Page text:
Why I Dig Melissa McCarthy

by Shaker Lysis

[Content Note: Fat bias; misogyny.]

Since appearing in Bridesmaids, for which she received an Oscar nomination, Melissa McCarthy has become one of Hollywood's most bankable stars. She has done so in the face of rampant misogyny and fat shaming. This week, she will release Spy, her third collaboration with director Paul Feig. As Melissa McEwan noted earlier this year, "part of the premise of the film is a fat woman's cultural invisibility becoming her biggest asset."

McCarthy doesn't have the luxury of cultural invisibility anymore, and her very existence as a happy and successful fat woman has made her a target. As she promotes Spy, she is speaking up more about the challenges she faces, and confronting the misogyny and fat shaming head on.

The backlash against McCarthy became most prominent upon the release of Tammy, her first leading role that was marketed solely on her appeal. The film was a big financial success, making more than four times its limited budget, and it did it all on McCarthy's name. As McEwan noted, "It's like suddenly time to criticize her when she's saying LOOK RIGHT AT ME. That's no coincidence."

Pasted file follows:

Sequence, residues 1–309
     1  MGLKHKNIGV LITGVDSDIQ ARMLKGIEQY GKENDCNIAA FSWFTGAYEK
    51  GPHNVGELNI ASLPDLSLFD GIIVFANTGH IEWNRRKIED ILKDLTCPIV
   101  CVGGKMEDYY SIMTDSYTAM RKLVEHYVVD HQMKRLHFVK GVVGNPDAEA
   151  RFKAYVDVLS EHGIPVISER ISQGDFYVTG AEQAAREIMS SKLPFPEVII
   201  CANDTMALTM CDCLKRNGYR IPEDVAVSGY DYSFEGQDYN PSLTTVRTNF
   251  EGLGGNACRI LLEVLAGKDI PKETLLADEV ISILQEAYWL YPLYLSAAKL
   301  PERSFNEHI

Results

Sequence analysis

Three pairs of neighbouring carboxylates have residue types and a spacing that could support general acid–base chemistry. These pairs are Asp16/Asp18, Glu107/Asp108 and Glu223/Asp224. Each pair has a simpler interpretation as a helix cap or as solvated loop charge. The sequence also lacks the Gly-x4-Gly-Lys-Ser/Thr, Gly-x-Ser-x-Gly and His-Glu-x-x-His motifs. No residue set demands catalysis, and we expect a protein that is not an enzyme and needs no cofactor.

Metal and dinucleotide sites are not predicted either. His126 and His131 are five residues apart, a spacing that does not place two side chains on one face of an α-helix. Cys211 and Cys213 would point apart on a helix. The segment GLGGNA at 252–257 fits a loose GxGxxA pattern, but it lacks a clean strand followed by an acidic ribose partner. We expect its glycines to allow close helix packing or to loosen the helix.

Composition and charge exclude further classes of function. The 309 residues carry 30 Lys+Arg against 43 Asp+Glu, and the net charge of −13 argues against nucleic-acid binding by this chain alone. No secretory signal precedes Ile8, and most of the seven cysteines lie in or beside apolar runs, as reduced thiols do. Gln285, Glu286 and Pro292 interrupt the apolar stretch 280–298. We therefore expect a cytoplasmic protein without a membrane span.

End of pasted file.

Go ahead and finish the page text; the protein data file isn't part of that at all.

She was chastised for allowing herself to look physically unappealing, despite that being consistent with the character she was playing. When she was back playing a supporting role in Bill Murray's St. Vincent, (a critically acclaimed film where Murray's character was not costumed and styled to conform to beauty standards, yet nobody criticized that because it was what the character required), one of those critics of Tammy had the audacity to go up to her and praise her work in the new film. This was her response:
"Are you the one who wrote I was only a good actor when I looked more attractive and that my husband should never be allowed to direct me because he allowed me to look so homely?" she asked him.

He admitted he was. "Would you say that to any guy?" she continued. "When John C. Reilly—or any actor—is playing a character that is depressed and dejected, would you say, 'Well, you look terrible!'?" She asked the critic if he had a daughter. He did. "Watch what you say to her," she told him. "Do you tell her she's only worthwhile or valid when she's pretty?"